parties. What he is not so great at – details. And as you already know,
real estate sales are chalk full of tiny little details!
Treating our business like a business.
believe too many agents fail to recognize what they have as a business.
They run around like chickens with their heads cut off trying to be all
things to all people all the time. Believe me – I did it too and it is
probably the leading cause of burn out. No one can keep that up and do any significant amount of business effectively.
I said “effectively.” But then Chris and I have very high standards
when it comes to customer service and our reputation and we are willing
to invest in our business to maintain those standards.
strengths, Chris and I both knew that we needed help in the detail
department, so we hired our first “real” administrative assistant. We
had hired people before, but they were quick fixes rather than long-term
investments. This time we wanted someone to help us grow and expand
while offering the highest level of client care possible. Oh – and they
had to work effectively with seniors since about 50% of our business was
average age of 83 years old!
Not only did we hire an
assistant, we also hired marketing consultants, graphic designers,
buyers agents, and a runner – not all at once. The assistant
was great with daily tasks like handling incoming calls and emails,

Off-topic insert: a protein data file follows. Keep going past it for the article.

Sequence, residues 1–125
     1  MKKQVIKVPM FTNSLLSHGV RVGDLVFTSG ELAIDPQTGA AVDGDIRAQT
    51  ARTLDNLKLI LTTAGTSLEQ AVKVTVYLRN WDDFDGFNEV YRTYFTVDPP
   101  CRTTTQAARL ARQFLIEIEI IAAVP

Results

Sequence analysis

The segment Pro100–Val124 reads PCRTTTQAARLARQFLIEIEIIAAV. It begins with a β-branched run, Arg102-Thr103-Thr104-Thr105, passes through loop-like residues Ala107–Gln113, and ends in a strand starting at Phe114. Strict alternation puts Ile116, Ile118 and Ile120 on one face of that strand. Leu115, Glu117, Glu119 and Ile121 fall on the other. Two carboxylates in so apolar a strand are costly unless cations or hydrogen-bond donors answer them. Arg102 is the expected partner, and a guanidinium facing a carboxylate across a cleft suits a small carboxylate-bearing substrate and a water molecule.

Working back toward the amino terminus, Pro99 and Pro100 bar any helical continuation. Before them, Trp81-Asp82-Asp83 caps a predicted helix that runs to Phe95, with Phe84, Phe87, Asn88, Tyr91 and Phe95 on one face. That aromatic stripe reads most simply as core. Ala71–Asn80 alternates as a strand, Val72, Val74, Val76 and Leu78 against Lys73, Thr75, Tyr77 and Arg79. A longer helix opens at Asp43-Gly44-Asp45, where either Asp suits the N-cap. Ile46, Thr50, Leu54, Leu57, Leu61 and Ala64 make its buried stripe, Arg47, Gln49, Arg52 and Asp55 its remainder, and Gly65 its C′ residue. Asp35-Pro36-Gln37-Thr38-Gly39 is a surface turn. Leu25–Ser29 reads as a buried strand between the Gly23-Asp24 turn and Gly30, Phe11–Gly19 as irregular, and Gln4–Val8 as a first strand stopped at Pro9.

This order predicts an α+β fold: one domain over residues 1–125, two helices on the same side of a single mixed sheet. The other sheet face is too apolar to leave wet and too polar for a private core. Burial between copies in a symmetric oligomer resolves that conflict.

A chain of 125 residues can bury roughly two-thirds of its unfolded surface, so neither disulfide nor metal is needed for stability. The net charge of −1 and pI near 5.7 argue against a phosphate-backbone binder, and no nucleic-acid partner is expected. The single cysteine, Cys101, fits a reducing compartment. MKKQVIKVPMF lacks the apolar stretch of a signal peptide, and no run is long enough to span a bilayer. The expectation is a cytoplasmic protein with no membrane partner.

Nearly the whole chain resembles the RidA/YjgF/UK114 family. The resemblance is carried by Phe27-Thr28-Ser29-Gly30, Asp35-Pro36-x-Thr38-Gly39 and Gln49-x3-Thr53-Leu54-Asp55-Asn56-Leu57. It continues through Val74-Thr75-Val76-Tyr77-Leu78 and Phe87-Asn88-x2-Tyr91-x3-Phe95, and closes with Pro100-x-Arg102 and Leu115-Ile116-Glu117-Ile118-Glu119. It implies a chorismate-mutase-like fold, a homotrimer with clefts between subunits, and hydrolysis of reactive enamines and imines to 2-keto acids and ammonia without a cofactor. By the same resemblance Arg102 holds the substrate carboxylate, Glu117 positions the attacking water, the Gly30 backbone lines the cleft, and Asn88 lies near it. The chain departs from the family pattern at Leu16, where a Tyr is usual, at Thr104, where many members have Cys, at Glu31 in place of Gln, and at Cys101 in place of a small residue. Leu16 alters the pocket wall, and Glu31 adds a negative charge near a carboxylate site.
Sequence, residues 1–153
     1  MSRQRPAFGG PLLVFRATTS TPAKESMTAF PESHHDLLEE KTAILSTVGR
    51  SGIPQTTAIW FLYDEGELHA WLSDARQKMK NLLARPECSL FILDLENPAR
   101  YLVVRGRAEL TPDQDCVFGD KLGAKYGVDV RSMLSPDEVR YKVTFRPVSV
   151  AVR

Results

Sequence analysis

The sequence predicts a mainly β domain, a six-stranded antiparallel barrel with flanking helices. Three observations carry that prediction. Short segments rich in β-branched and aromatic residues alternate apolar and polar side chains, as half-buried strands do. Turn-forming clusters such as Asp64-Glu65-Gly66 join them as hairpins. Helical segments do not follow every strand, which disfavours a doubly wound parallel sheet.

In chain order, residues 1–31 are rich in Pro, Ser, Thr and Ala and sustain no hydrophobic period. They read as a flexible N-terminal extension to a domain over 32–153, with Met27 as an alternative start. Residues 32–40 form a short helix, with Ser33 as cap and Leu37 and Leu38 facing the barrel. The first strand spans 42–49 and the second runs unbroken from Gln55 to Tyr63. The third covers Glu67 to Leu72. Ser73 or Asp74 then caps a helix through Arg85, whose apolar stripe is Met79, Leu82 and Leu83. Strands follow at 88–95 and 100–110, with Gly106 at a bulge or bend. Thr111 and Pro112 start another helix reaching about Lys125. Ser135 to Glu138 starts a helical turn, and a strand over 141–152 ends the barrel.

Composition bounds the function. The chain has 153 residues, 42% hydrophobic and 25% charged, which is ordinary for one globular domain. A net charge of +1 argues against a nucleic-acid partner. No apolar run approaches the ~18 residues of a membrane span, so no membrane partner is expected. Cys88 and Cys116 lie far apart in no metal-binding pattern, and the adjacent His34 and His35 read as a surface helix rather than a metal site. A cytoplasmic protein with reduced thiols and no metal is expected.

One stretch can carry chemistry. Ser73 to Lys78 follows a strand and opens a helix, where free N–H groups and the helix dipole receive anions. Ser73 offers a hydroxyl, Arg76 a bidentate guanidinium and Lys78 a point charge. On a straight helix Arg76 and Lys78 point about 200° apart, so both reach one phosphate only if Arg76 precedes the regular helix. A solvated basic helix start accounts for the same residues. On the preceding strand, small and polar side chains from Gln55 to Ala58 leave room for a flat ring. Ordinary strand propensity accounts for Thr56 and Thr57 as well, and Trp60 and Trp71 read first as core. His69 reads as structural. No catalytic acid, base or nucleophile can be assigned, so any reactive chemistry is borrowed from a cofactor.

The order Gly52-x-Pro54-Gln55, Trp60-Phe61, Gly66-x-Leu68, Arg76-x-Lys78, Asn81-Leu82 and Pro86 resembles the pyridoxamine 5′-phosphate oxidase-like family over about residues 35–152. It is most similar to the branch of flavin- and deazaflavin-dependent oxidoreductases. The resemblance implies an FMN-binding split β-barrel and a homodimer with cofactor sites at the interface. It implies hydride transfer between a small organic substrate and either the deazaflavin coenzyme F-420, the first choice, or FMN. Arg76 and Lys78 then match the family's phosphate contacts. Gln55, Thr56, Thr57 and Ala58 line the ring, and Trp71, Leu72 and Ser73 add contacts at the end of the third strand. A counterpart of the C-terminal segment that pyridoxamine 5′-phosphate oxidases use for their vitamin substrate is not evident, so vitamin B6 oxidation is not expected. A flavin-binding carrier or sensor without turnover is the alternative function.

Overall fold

setting appointments, and preparing files, but that took the bulk of the
time. We knew that creating flyers and presentations wasn’t her highest
and best use.
The marketing firm we hired was a start up company
in town with an awesome writer and an amazing graphic designer – putting
them on retainer at $500 bucks a month was the best thing we ever did!
Our marketing was consistent and beautifully branded and they did
regular press releases that caused our names to be top of mind all over
our city giving us free press opportunities – credibility and validity
Darrel, our runner, was undoubtedly one of our favorite and least costly hires.
I found him by announcing to my Thursday 7am Kiwanis club that I needed
a part time person to help put out signs, deliver paperwork, and help
our senior clients out with small household jobs when needed. After the
meeting, my friend Darrel, a retired electrical engineer and avid
volunteer, came up and said he wanted to apply for the job. At 6 ft
tall, bald and wearing a felt cowboy hat, I virtually hired Darrel on
the spot. A gift from Heaven! He came in 3 days a week from 8am to about
noon and took care of all the signs, lockboxes, photos, deliveries,
pre-listing packets, and tedious tasks which freed us up to list, sell,
and nurture relationships. Bonus – His wife was happy to have him out
of the house for a few hours a week!
Burnout is not an option
time went on and our seniors business increased to more like 60%, we
had to begin thinking about even more support for our downsizing
seniors. Not only that, I was tired. I didn’t want to
work weekends and evenings with buyers anymore – we had lots of them
because we had great listings. Leads were falling through the cracks and
I was basically taking only the easy ones and referrals. As I talk
about in 5 Consequences of Not Hiring Help, burn out is one of the top causes Realtors get out of the business and I wasn’t OK with that.
next hires as we saw it had to be coaches who could help us better
clarify what we wanted our business to become, buyer agents who
appreciated our senior clientele and who were willing to field all the
buyer leads, and someone who could help our beloved senior clients with
their downsizing needs – I no longer had time to do it all.
It would be these 3 key hires that changed EVERYTHING.
Stay tuned for Part 5
where I will share more about adding coaching support, buyer agent team
members, and a senior move management department to our thriving
seniors real estate team.